Tree

Acacia complanata

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Acacia complanataFamily: Fabaceae
Genus: Acacia
Common names: Flat-stemmed wattle
ALA reference

This is a very showy small wattle that has bright golden yellow pompom shaped flowers. The stems are flattened with a winged ridge along each side of the stem making it very easy to identify. I’ve only found a couple of plants in the reserve but there are quite a few growing beside Fort Road in the Canossa bushland. (January 2008)

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Acacia disparrima subsp. disparrima

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Acacia disparrimaFamily: Fabaceae
Genus: Acacia
Common names: Brown salwood
ALA reference

This wattle can be separated from the other wattles in the reserve that have similarly shaped phyllodes (“leaves”) by observing the veins in the phyllodes. In this species the longitudinal nerves never join each other. The flowering period is very short lived, lasting only a few days to a week. I was amazed to note that all the trees of this species in the reserve and around the district came into bloom on virtually the same day. (January 2008)

Acacia fimbriata

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Acacia fimbriataFamily: Fabaceae
Genus: Acacia
Common names: Fringed wattle, Brisbane wattle
ALA reference

This is a fast growing wattle that develops into a large shrub or small tree to about 6 metres in height. It has thin narrow phyllodes (“leaves”) with a fringe of hairs along the edges. The flowers tend to be lemon yellow and almost smother the plants. While there are several in the Reserve it isn’t particularly common here. (August 2008)

Acacia leiocalyx subsp. leiocalyx

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Acacia leiocalyxFamily: Fabaceae
Genus: Acacia
Common names: Brisbane black wattle
ALA reference

Right across the district this species has flowered magnificently this month. It can be differentiated from Acacia concurrens (also called Black Wattle) by the reddish tint on the young branches and by a close examination of the flower calyx which is hairless. Acacia concurrens does not have red tints on the young branches and the flower calyx is always hairy. Note that the racemes of flowers normally arise in pairs from the base of the phyllodes (“leaves”). (August 2008)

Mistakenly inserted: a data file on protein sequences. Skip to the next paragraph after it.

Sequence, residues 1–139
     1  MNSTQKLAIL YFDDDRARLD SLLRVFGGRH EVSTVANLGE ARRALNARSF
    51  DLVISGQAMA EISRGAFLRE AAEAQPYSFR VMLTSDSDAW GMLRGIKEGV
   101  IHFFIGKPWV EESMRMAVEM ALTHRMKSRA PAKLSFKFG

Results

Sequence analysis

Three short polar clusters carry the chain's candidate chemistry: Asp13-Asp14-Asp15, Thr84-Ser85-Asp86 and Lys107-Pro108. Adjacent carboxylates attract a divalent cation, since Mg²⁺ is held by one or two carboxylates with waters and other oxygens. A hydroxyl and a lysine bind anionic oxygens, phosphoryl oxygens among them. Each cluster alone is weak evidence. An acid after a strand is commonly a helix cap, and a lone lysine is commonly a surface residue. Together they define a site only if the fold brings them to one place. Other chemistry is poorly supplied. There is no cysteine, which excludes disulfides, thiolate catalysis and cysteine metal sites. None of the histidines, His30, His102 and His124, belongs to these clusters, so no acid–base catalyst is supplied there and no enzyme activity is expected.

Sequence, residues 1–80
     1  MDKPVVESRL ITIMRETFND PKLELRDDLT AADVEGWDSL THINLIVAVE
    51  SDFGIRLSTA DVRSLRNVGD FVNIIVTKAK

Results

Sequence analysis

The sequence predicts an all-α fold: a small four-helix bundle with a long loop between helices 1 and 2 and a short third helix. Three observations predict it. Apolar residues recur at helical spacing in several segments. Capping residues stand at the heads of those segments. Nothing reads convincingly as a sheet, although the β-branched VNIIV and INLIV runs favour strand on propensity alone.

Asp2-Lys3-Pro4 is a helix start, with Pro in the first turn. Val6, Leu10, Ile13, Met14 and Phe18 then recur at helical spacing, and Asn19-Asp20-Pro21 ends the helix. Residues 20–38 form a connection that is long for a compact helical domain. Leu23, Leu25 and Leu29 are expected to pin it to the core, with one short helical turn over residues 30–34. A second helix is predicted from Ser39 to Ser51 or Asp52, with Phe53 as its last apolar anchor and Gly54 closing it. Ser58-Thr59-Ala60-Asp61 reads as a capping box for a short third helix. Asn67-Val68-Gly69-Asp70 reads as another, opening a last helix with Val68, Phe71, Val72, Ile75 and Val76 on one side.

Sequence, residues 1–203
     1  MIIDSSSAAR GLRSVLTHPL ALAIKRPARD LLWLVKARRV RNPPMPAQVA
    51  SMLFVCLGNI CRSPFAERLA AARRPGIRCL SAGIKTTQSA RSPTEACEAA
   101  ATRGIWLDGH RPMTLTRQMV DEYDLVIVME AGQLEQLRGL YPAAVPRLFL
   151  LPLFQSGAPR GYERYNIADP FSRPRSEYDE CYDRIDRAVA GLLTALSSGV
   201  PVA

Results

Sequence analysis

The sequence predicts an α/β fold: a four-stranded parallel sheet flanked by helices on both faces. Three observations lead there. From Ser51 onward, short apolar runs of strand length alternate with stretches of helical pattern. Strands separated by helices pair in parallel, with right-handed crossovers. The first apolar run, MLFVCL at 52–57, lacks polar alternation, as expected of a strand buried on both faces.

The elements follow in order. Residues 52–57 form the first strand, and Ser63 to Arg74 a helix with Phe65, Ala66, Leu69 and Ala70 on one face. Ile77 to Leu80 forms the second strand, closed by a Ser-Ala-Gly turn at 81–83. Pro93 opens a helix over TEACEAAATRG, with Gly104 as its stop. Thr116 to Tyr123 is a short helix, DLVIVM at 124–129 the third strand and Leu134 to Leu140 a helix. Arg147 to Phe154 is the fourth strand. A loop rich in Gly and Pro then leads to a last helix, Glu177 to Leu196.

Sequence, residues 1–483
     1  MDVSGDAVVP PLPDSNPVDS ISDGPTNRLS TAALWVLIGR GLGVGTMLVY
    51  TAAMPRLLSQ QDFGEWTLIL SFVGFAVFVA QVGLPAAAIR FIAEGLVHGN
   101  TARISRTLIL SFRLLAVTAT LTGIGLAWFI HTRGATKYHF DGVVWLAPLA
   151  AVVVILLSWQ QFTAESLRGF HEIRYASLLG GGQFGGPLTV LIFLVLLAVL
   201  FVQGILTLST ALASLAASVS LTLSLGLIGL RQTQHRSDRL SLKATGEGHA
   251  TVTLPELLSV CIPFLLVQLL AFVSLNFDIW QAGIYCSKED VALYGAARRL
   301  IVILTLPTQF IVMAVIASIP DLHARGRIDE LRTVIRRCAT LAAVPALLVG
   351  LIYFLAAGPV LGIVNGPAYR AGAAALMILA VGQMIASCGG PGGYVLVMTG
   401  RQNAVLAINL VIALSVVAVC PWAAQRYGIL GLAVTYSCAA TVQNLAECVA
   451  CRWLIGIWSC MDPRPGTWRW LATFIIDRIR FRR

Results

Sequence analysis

Acacia maidenii

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Acacia maideniiFamily: Fabaceae
Genus: Acacia
Common names: Maiden’s wattle
ALA reference

This wattle is common in the reserve and grows to about 20 metres in height. It can be distinguished from the other wattles in the reserve by the following features; the longitudinal veins in the phyllodes (leaves) are joined and there are prominent lenticels (small raised white dots) on the branchlets. The pale yellow flowers are followed by long thin twisted and coiled seed pods. (April 2008)

Acronychia imperforata

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Acronychia imperforataFamily: Rutaceae
Genus: Acronychia
Common name: Beach acronychia
ALA reference

We have three Acronychia species growing in the Reserve viz; A. imperforata, A. laevis and A. pauciflora. All three species are in flower this month. Note the distinct joint where the petiole joins the leaf. This feature is a characteristic of all the Acronychias. (February 2011)

I found this poor tree smothered in Cat’s Claw creeper, with its top knocked off and pushed sideways by the fallen tree that had taken out its top. It is unusual to find this plant growing so far inland, because as the common name implies, it is usually found quite close to the coast. A botanist from the Queensland Herbarium has confirmed the identification. (August 2007)

Acronychia laevis

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Acronychia laevisFamily: Rutaceae
Genus: Acronychia
Common name: Glossy acronychia
ALA reference

About a dozen of these small trees that grow to about 10 metres are scattered across the Reserve. The glossy dark green leaves are distinctly jointed where the petiole meets the leaf blade and are quite strongly scented when crushed. The fruit is glossy, four-angled with a ripply surface and up to 12 mm in diameter. The fruit are edible but have a rather resinous taste. (June 2010)